• Low latency redundancy solutions?

    • Do you already have a physical data centre in the area and don't want to set up a new one to implement DR (Disaster Recovery)? AWS Local Zones can help mitigate the cost of standing up a DR facility yourself and keeping data in the same vicinity.
  • Have Data Residency Requirements?

    • To comply with state and local data requirements, Local Zones could assist you with this again.

Let's consider a local gaming event (eSports) hosted in Atlanta (US). We want to ensure that the connectivity between the clients in the competition and the servers hosting the game remains low-latency. You don't have the time and ability to stand up a few racks with the required hardware for the backend services, and you're utilising the on-premises network infrastructure and internet connection to get out.

In this scenario, utilising AWS Local Zones would be ideal. Local Zones have a Local Internet Ingress/ Egress point helping to maintain l0w-latency between client and server. We'd set up our EC2 instances with the backend applications required, Load Balancing, Security, etc, in the Atlanta Local Zone. Then, commission a fallback AZ within the North Virginia Region (US-EAST-1 is the parent region for the Atlanta Local Zone) if the local AZ fails.

Not all Local Zones are built the same.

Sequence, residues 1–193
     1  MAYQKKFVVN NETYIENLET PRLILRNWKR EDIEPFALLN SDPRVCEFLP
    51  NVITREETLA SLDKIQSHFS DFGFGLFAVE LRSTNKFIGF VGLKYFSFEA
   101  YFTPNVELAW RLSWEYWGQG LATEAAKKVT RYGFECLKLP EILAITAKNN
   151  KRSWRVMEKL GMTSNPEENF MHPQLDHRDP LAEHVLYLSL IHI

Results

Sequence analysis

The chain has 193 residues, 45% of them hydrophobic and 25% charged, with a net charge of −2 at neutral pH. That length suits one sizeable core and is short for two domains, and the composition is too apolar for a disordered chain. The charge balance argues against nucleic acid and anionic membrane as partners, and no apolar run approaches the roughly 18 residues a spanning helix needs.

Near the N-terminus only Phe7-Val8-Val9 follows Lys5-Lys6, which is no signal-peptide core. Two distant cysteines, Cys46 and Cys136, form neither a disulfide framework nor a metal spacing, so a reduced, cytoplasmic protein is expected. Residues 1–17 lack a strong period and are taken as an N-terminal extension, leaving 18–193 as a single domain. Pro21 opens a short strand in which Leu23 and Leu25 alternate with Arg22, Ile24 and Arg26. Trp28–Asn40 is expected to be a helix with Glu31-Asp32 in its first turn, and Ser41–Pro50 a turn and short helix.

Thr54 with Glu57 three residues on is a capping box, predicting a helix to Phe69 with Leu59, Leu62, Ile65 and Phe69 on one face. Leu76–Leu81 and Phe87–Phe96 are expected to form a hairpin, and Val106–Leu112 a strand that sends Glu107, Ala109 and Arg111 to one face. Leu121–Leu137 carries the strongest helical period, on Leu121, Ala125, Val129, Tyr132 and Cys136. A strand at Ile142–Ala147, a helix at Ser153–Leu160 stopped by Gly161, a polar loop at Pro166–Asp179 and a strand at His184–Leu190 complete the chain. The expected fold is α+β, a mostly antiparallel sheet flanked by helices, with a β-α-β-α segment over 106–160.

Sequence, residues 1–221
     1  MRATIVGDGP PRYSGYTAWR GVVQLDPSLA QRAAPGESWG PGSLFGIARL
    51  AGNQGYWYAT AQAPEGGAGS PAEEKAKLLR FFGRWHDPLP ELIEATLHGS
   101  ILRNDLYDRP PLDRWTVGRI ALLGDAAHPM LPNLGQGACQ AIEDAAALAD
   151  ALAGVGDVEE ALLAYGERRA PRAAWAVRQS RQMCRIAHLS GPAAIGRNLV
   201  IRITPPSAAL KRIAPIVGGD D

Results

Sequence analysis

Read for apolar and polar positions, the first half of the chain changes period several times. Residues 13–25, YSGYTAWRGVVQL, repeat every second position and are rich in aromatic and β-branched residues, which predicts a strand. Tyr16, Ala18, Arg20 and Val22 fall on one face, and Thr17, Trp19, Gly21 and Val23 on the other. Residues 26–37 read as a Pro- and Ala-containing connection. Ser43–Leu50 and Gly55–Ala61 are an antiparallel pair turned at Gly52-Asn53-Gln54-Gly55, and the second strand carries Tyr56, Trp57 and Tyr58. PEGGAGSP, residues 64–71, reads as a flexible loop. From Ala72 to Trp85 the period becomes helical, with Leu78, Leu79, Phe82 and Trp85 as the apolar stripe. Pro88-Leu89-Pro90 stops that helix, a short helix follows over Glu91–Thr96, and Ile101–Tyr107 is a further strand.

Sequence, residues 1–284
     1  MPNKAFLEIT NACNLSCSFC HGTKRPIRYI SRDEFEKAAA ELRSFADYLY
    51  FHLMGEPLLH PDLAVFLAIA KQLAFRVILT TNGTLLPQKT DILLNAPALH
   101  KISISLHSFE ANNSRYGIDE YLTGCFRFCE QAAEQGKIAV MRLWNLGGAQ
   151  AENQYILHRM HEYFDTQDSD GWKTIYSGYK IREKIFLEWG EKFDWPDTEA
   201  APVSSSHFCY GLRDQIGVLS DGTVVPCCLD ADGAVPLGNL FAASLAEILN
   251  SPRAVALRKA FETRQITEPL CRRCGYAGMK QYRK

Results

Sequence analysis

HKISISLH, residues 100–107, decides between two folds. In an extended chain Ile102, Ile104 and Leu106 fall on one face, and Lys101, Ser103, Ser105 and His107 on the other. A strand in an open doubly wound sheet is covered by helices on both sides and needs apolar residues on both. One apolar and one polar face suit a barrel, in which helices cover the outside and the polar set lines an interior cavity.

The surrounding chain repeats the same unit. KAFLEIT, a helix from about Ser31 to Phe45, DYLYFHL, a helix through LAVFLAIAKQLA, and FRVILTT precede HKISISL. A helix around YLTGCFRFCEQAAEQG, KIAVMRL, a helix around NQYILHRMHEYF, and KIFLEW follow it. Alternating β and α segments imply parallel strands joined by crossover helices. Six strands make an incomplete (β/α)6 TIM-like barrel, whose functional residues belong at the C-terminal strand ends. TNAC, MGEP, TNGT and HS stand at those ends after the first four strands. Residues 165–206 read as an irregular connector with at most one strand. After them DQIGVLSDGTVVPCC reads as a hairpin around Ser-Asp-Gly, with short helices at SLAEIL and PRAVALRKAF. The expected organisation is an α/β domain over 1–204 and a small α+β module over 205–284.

Generally speaking, all AWS Local Zones have a select few similar capabilities. Each Local Zone that is implemented has the following services that are ready for you to provision;

  • EC2 (Elastic Compute Cloud)

  • EBS (Elastic Block Storage)

  • ECS (Elastic Container Service)

  • EKS (Elastic Kubernetes Service)

  • VPC (Virtual Private Cloud)

  • Direct Connect

This is where the similarities stop. Some local zones have additional capabilities, such as AWS Shield, ELB (Elastic Load Balancing), RDS and more. You can find the full list of supported capabilities in each Local Zone here.

Even when considering your compute requirements, you must consider the capabilities. EC2, for example, has variations on what instance types are available in each LZ, which can be found in the above link.

Any cost implications when considering AWS Local Zones?

In short, yes. You can still apply your purchasing practices with AWS Local Zones, such as utilising On-Demand, Savings Plans and Spot Instances, with the latter reducing your overall spending. When comparing the computing price alone, we can use the AWS Pricing Calculator for a general idea.

We will look at the region North Virginia (US-EAST-1) and the Local Zone Atlanta (N.Virginia being the parent region).

You can see in the image below that the T3 Medium instance has an on-demand hourly cost of $0.0416, and T3.xlarge is $0.1664.

Below is the pricing for the Atlanta Local Zone, which resides in the same region. A T3.medium instance has an hourly cost of $0.052, and a T3.xlarge is $0.208